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What keeps me awake at night - The tyranny of the inbox

Anonymous views from education's front line

Anonymous views from education's front line

This week: a senior leader at a school in south-west England

They are relentless. Sitting there waiting to be read, the subject line hinting at the horror within. All day and all night they arrive, and I'm constantly imagining a tinny voice calling out "You've got mail!" I lie in bed thinking about the emails that appeared on my screen that day and dreading the next wave of messages waiting for me in the morning.

It used to be that you just needed to address the paperwork on your desk or in your pigeonhole (which meant that if you weren't in school, you didn't have to deal with it). But then came the invention of email, meaning there was no place to hide. Twenty-four hours a day, weekends and holidays, your server is dutifully delivering your mail. Some messages SHOUT AT YOU. Others are URGENT. Some even require you to sign a receipt so the sender knows you have read it, making it impossible for you to use the excuse "But I never received it".

Of course, some people still like to leave you memos in your pigeonhole or on your desk - the thing is, they usually send an email telling you that.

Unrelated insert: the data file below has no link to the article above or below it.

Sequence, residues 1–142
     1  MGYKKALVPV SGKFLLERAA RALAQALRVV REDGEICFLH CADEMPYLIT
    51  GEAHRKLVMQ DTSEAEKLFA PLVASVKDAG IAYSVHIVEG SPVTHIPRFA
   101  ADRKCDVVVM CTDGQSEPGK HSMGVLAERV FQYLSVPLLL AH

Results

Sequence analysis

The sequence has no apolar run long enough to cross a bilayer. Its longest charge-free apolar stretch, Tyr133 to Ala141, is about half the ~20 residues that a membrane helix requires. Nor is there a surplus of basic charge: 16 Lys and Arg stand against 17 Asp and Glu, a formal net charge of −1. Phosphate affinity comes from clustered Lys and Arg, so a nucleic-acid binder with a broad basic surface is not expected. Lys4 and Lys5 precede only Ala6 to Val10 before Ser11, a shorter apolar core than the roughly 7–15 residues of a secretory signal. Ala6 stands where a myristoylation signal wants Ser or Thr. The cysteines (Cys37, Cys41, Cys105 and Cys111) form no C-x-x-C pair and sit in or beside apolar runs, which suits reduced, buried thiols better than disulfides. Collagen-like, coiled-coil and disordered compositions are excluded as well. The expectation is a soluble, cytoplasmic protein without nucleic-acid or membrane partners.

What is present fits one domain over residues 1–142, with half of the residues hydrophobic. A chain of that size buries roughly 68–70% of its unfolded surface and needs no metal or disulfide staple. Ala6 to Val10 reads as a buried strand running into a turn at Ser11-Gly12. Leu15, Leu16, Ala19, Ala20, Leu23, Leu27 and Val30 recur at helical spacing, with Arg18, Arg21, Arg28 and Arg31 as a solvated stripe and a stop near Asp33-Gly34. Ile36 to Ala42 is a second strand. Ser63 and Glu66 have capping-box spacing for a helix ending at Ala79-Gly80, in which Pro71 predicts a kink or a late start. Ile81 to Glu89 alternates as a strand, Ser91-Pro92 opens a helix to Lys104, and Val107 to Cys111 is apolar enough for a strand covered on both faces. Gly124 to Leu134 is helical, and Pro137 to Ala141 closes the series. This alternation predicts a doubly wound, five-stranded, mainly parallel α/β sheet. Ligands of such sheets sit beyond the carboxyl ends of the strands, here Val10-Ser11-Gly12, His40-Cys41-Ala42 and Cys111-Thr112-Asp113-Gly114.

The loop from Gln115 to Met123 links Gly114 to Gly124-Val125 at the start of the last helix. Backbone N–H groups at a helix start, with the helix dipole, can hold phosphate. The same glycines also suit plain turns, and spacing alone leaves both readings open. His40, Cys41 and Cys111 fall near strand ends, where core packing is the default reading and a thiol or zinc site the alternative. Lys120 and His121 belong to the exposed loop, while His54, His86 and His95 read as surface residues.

Here are three emails I received in the final weeks of last term, from the hundreds in my inbox: "Hi, Sarah in Year 8 kicked off in my lesson this morning. I tried to sort her out but she then swore and stormed off. I think she should be excluded for her conduct so I expect her to not be in tomorrow, please pick her up this afternoon and sort her out."

I was attending a conference more than 100 miles away at the time. And, while I know emails travel at the speed of sound, I can't - so I was not sure how I would get back before the end of lessons. And, yes, the teacher did know where I was. She was covering my class.

"HI, I AM NOT HAPPY THAT MY SON WAS UNABLE TO COOK IN CLASS TODAY JUST BECAUSE HE FORGOT HIS INGREDIENTS. IT IS NOT FAIR THAT EVERYONE ELSE GOT TO COOK. I WOULD LIKE TO ARRANGE A TIME TO DISCUSS THIS WITH YOU ASAP."

So Jonny missed out on cooking a risotto. It wasn't even my lesson. This email came long after school closed on Friday evening. Over the weekend, I sent a message promising a full investigation into the incident. But that wasn't good enough. They had planned to eat Jonny's risotto for dinner and had no food in the house so mum was forced to buy a takeaway. I'm sure she was hoping I'd pick up the bill.

"Hi Sir, hav u checked my corsework yet?" This was sent after midnight by one of my students. I replied asking why they were up so late and did they think I did nothing but sit emailing all day and night? As I hit "send", I realised the sad truth: that pretty much is the case.

Tell us what terrifies you, or share the unscripted events from your classroom, and you could be paid #163;150. Email david.marley@tes.co.uk.

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